115. Let It Burn: The obligation to bring burnt offerings as directed

This mitzvah is a positive mitzvah that can't be performed today and can be performed everywhere.

If his sacrifice is a burnt offering… (Leviticus 1:3)

There are a number of different types of offerings, brought for different purposes. Each one had its own details, but each detail is not an independent mitzvah. Rather, it is a mitzvah to offer the appropriate type of sacrifice following the prescribed procedure. (An analogy: if I tell my son to pick me up at the airport, “pick me up” includes “don’t speed,” “signal,” “check your mirrors,” etc. But all those things are part of “pick me up,” not separate items on his to-do list. If he gets in a fender bender en route because he’s speeding, not signaling and/or not checking his mirrors, I will say, “I’ll asked you to do one simple thing!” not “I asked you to do 47 discrete acts, of which you successfully accomplished 42…”)

The burnt offering is called a korban olah in Hebrew, so named because it was completely burned on the altar and “olah” means to ascend. A korban olah was brought for a number of reasons, including as atonement for sins that did not have reparations specified. The korban olah discussed in parshas Vayikra could be brought from any unblemished, male, kosher herd animal: bulls, sheep or goats. Pigeons or doves could also be used.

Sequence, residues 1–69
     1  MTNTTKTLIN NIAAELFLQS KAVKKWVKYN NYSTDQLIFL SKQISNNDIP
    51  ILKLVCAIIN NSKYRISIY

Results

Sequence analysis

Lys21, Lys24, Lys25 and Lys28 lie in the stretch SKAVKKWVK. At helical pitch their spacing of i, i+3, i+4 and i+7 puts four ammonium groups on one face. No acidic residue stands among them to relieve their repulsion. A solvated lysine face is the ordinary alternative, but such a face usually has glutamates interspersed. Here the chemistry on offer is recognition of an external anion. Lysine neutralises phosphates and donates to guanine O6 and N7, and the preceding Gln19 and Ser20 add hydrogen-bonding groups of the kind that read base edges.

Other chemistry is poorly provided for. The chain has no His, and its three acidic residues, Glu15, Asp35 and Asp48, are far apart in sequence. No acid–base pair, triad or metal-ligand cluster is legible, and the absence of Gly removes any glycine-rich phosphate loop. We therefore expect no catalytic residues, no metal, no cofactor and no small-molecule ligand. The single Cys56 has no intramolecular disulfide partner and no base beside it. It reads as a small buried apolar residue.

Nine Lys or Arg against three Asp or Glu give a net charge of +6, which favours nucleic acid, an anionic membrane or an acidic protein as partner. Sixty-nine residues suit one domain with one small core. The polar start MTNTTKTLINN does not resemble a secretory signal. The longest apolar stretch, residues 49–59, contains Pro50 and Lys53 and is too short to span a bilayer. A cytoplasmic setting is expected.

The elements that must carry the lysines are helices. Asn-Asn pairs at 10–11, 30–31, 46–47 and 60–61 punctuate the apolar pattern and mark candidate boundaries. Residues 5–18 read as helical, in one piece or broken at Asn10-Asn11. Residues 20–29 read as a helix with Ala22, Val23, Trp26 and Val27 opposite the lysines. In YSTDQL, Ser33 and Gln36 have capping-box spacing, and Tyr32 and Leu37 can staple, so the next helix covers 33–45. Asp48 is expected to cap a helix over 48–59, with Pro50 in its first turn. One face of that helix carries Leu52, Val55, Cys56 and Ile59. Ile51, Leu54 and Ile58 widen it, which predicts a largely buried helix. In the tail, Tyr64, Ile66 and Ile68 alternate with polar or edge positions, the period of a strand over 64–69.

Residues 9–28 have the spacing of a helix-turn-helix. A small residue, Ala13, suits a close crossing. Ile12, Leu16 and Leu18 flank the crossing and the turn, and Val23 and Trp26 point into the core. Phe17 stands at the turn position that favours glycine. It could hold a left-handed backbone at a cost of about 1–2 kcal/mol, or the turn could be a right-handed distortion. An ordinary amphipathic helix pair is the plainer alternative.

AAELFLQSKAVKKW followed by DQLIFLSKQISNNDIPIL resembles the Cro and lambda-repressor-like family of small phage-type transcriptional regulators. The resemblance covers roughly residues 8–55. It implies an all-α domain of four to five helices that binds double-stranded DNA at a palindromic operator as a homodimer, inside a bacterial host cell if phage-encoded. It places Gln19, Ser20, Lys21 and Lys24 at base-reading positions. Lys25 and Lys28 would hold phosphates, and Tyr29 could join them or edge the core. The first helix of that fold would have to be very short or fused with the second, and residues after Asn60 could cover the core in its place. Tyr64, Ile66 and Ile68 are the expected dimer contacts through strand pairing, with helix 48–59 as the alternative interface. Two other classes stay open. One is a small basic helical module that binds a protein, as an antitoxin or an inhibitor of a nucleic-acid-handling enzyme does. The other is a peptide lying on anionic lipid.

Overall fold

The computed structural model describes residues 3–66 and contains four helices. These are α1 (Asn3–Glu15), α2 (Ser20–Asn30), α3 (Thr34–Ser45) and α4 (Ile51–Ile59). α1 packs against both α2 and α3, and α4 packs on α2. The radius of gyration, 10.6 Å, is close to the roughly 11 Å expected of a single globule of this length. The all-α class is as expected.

The animal could be sacrificed even by a non-kohein but after that, the kohanim would take over. As mentioned, this sacrifice was completely burned, including its hide, wool (if a sheep), bones, etc., so long as they remained attached to the animal. The feathers were burned with the birds.

The reason underlying sacrifices is to bring us closer to God. We’re far removed from such offerings, so it’s hard for us to understand. One way of looking at it is that, really, we are culpable and deserving of such treatment but God, in His mercy, allows us to bring sacrifices as a surrogate. Even so, this is hard for many people to reconcile with contemporary sensibilities. For now, suffice it to say that the Torah permits us to use animals, but not to gratuitously abuse them. We see the Torah’s concern for the needless suffering of animals in many places. Clearly, sacrifices served a lofty purpose or they would not have been permitted.

The obligation to properly offer burnt sacrifices applies to male kohanim when the Temple is standing. It is discussed in the Talmudic tractates of Zevachim (53b), as well as in Tamid and elsewhere. It is codified in the Mishneh Torah in chapter 7 of Hilchos Maaseh HaKarbonos and is #63 of the 248 positive mitzvos in the Rambam’s Sefer HaMitzvos.